Cooking and dining with others train us in modes of feeling and behavior that are the foundation for democracy itself.
While writing my food memoir, Tasting Home, I avoided reading anything analytical about women and food. (I had been a professor for most of my life and didn't want to write like one in a personal memoir.) Only after I finished my book, did I begin to read critical work on women's culinary reflections and to see recurring political projects in their writing, projects in which, it turns out, I had also engaged. These projects included the construction or reconstruction of individual identities, of community identities, and of a larger civic identity as well.
1. Women's Food Writing and Individual Identities
In Aesthetic Pleasure in Twentieth-Century Women's Food Writing, Alice L. McLean explores the ways in which M.F.K. Fisher, one of the most famous food writers of the 1940s and 1950s, drew upon both masculine and feminine traditions of writing about food. A female tradition, dating from the nineteenth century, had focused on domestic cooking and on writing cookbooks for the home kitchen. A masculine tradition had produced cookbooks for professionals or had described in elegant detail the artfulness and pleasures of dining in public or social spaces. In works like The Gastronomical Me, McClean suggests, Fisher moves between the worlds of home cooking (recalling strawberry jam-making with her grandmother, for example) and the male-dominated public world of dining out in Paris and other exotic settings. In combining traditions, Fisher creates a new kind of food writing and a new version of herself as a modern woman.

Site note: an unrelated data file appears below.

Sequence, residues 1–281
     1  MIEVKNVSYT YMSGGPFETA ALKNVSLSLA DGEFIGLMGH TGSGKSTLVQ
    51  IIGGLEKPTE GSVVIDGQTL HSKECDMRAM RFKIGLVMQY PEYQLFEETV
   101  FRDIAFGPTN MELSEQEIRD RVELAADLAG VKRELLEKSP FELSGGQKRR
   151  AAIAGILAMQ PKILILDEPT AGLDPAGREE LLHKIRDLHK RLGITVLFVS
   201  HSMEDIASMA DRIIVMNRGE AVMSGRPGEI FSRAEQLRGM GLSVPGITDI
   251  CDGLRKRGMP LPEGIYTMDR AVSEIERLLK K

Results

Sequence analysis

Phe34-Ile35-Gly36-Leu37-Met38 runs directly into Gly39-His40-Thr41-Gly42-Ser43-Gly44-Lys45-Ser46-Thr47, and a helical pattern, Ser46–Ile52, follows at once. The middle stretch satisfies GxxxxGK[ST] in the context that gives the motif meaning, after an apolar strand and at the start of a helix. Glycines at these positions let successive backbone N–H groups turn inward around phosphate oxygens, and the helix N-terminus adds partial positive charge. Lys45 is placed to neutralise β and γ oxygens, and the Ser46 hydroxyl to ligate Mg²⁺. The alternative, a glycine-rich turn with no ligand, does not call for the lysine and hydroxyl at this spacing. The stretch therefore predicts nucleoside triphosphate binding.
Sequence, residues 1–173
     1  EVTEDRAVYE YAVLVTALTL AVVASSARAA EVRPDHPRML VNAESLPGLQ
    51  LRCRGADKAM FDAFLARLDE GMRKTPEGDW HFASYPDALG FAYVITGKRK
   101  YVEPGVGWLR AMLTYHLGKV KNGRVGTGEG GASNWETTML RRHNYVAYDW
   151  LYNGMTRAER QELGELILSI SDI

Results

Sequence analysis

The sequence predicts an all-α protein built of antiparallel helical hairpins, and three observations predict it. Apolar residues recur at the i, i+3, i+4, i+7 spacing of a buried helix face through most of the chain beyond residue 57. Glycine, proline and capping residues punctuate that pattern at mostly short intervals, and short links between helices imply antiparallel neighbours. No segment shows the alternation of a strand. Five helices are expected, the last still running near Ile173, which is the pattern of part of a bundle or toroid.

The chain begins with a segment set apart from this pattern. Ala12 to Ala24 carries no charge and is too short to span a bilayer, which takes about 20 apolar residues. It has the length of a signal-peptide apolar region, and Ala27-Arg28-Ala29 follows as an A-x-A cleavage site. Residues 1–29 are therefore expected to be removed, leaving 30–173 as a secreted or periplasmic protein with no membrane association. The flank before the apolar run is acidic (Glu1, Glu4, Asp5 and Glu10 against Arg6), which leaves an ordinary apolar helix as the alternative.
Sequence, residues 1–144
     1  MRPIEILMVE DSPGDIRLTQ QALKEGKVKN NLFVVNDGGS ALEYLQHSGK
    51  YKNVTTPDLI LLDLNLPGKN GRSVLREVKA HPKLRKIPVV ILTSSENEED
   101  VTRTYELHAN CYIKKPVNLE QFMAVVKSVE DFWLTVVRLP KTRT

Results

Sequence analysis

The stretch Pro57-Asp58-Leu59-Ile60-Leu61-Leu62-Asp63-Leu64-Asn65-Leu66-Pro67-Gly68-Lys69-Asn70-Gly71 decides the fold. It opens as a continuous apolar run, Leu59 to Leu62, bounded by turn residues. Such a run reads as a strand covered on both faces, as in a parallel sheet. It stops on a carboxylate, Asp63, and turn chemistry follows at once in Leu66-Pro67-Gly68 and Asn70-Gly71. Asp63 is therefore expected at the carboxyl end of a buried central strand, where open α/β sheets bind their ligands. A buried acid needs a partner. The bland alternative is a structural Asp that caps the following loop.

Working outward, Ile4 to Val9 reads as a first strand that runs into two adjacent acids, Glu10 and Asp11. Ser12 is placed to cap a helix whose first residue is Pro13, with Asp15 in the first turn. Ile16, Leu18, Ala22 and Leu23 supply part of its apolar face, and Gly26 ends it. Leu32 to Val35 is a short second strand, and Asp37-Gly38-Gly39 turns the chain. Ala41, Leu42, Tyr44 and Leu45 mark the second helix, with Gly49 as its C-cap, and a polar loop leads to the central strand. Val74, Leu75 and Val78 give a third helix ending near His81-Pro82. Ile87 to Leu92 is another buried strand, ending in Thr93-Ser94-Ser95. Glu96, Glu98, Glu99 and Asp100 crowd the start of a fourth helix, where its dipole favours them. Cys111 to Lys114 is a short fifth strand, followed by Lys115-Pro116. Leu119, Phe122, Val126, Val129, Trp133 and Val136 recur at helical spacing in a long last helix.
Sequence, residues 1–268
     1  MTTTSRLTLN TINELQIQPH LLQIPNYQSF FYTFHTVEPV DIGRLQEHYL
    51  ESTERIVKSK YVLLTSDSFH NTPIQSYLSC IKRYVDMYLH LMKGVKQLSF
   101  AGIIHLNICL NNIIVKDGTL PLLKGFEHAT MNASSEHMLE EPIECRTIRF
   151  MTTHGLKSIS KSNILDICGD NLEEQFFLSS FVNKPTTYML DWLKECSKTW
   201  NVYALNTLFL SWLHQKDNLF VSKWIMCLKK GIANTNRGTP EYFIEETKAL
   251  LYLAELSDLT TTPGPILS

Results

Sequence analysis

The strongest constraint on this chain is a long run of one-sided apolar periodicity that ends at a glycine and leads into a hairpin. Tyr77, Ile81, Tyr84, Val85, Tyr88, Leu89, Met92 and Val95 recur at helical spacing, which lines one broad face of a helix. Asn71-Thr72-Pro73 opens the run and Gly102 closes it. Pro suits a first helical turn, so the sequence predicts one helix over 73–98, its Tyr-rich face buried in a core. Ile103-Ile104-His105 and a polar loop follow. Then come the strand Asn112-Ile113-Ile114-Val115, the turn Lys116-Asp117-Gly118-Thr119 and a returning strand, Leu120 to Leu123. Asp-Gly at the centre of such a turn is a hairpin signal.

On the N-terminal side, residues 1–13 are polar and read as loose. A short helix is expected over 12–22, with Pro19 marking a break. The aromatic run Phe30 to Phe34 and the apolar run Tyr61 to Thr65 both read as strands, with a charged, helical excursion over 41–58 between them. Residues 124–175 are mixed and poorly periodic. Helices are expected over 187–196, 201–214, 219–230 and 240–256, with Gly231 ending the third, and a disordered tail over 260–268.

Like many women, Fisher seeks emotional connections and finds them in dining with others: "When I write of hunger, I am really writing about love and the hunger for it, and the warmth and richness and fine reality of having it satisfied." At other times, food pleasure is bound up with erotic discovery. As a young woman, Fisher attends a Christmas party at Miss Huntington's school for girls. She consumes her first oyster, a sensuous dish, and then stumbles upon a moment of eroticized tenderness in the pantry as the head house-keeper, "one arm laid gently" over the shoulders of the school nurse, places oysters on a platter while the latter eats them.
Fisher also enjoys the adventures which cooking and dining provide, whether they come from her own home cooking--a lip-blistering dish of Hindu eggs to which she added too much curry- or from the most "exciting" meal she ever ate at the Café de Paris, a "rich, winey spiced cuisine" that induces her to feel that "we had seen the far shores of another world." In writing about food, Fisher identifies herself as a woman who seeks emotional connections, as many women are wont to do, but she also represents herself as a woman who asserts her appetite for adventure, physical pleasure, and erotic sensation. In so doing, she breaks from long-standing norms which assigned middle-class women to the home and downplayed their capacity for bodily pleasures.
2. Women's Food Writing and Communal Identities